A fourth, a fifth, a sixth.

Lincoln’s mouth swelled with the time traveler’s multitudinous father. Sometimes, the time traveler imagined what it would look like (had looked like) in real time when Booth’s bullet did its business and stole the tension in Lincoln’s jaw, and half a dozen of the time traveler’s father burst out of the president’s mouth and spattered the balcony’s rail.

Somewhere ahead of him, the time traveler knew that he would sneak into whatever anesthetic place his father was kept before he was put in the ground, and he would deliver the old man’s corpse back here. Then he would do it again. And again, and again, and again, and again. The only other possible explanation (however hilariously unlikely) was that some other time traveler in some other time-reticulation chamber was somehow patching in to the trajectories of his chamber and beaming his dead dad through from one chamber to the other, and the time traveler didn’t even know how that would work. And besides, the hypothetical second time traveler (Let’s call him HSTT, thought the time traveler) would have to have read and understood Ruminations on the Mutability of Physical Space in an Elastic Temporal Reticulum. Then, HSTT would have had to steal the time traveler’s designs for the reticulation chamber, discover one of the chamber’s innumerable iterations, and learn independently how to operate it. Otherwise, HSTT would have had to design an identical temporal mutability unit without influence from the time traveler himself.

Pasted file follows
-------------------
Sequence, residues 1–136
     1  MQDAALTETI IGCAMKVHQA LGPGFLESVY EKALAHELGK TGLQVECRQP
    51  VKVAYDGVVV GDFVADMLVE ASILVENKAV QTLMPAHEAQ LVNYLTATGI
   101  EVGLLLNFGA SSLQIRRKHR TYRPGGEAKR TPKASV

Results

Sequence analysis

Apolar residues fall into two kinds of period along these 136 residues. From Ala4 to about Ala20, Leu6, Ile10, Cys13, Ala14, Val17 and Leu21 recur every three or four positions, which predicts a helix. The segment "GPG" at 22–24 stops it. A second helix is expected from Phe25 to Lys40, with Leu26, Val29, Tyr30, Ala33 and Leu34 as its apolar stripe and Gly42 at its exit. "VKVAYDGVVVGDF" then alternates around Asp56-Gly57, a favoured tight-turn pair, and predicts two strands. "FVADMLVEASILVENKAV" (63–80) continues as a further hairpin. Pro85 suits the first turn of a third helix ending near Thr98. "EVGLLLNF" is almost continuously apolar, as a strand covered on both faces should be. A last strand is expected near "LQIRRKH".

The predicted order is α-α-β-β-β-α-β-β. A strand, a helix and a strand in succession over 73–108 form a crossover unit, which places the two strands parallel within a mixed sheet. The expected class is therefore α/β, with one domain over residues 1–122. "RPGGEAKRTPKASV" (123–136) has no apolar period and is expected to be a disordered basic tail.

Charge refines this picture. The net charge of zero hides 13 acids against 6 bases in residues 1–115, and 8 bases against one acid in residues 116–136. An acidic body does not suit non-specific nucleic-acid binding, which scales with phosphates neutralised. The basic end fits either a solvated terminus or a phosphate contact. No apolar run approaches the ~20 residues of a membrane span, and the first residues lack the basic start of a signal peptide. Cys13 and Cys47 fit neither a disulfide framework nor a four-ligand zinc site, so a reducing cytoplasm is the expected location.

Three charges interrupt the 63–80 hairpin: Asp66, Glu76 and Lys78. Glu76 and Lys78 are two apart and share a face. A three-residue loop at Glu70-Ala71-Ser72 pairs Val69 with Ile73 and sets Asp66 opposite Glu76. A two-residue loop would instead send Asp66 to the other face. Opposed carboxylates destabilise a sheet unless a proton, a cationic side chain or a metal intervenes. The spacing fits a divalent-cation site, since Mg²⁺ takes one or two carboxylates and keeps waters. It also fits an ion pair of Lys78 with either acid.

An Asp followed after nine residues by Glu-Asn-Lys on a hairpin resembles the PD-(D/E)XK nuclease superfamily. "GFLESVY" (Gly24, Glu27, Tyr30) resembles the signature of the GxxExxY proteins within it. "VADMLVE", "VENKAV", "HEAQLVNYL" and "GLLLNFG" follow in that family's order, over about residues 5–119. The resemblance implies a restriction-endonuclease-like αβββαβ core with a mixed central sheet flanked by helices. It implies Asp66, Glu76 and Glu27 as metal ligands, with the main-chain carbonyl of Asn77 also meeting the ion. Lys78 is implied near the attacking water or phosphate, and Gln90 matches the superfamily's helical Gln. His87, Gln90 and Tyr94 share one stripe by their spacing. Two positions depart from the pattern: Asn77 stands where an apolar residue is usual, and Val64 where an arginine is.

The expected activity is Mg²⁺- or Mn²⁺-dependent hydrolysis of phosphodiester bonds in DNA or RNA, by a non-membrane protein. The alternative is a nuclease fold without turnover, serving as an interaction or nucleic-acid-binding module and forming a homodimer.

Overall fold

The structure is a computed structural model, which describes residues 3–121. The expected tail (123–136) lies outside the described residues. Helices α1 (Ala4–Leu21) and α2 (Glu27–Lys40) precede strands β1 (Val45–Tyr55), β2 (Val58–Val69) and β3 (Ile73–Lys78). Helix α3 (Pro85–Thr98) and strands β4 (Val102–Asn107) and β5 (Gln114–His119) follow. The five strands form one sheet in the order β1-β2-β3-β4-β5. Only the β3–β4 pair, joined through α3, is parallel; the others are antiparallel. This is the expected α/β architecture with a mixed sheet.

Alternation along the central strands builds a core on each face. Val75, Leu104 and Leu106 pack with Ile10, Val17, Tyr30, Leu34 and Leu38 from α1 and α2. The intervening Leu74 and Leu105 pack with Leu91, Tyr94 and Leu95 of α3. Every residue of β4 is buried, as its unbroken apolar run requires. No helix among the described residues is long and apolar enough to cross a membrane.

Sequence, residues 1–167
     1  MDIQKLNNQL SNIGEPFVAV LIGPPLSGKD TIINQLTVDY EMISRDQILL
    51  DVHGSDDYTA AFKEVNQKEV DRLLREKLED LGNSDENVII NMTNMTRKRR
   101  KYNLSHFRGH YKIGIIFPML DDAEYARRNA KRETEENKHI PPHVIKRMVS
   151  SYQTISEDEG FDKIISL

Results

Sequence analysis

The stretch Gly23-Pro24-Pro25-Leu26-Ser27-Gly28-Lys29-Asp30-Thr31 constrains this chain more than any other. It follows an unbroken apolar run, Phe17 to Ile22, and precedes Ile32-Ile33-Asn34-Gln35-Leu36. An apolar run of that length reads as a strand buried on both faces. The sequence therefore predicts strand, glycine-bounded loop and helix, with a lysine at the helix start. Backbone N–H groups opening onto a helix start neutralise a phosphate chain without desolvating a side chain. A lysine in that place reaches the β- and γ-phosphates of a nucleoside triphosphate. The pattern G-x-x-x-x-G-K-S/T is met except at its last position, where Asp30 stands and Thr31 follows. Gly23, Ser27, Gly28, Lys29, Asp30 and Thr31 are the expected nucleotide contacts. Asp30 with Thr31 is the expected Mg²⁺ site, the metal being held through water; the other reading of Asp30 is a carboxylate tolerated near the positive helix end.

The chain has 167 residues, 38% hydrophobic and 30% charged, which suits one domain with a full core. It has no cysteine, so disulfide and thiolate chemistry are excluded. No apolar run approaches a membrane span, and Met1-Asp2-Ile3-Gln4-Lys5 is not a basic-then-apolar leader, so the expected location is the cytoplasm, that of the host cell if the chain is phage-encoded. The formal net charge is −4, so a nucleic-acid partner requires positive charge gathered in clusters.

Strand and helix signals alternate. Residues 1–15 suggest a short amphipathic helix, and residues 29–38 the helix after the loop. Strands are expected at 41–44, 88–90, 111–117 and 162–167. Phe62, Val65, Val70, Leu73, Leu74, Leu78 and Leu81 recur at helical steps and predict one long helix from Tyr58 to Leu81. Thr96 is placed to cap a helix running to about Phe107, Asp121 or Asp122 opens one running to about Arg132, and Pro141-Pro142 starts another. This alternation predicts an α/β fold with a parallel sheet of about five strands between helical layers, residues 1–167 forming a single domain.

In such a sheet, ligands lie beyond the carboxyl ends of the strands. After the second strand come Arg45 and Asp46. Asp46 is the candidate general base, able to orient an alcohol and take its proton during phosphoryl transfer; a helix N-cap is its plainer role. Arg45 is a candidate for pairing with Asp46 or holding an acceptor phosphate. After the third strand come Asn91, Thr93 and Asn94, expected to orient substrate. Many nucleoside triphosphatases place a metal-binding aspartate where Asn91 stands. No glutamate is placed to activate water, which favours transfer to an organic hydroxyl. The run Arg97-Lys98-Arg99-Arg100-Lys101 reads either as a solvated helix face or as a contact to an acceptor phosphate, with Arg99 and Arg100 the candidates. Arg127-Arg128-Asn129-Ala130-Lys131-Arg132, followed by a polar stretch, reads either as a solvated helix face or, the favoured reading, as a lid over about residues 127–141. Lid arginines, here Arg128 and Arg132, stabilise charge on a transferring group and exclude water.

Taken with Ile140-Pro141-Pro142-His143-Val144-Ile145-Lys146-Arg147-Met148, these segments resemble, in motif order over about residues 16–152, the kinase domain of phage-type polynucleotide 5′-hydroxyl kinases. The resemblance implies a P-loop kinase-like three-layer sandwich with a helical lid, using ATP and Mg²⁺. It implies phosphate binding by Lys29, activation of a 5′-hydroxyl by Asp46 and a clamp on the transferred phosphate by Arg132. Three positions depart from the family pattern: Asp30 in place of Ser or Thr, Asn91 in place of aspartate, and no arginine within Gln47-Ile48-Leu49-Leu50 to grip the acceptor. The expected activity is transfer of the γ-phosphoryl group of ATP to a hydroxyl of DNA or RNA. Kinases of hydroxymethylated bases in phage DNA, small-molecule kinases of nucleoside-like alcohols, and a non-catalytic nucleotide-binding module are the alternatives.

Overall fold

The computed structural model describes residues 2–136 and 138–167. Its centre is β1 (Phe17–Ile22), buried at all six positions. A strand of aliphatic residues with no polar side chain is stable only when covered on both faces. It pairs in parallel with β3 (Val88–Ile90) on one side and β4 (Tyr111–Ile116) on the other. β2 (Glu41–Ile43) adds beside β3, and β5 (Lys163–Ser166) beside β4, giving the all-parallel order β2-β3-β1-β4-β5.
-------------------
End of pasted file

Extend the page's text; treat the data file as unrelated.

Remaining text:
A seventh version of his father never came. Whatever the time traveler was meant to do with the corpses, he either had done it or had failed to do it enough times that whoever was responsible had given up. It gnawed at the time traveler. Puzzles were meant to be opaque only up until their solving. In the moment following, they ought to seem obvious. But this one was entirely unclear from prologue to epilogue, and so the time traveler’s brain was stuck inside it still.

Eventually, a little lead pellet emerged from the barrel of Booth’s revolver. It came in the wake of slow flame and creeping smoke, and it was ancient before it singed the hairs on the back of the president’s head. Inside the president’s skull, the time traveler heard the forever thunder of the gun firing and he knew he was running out of time. That had always been his design.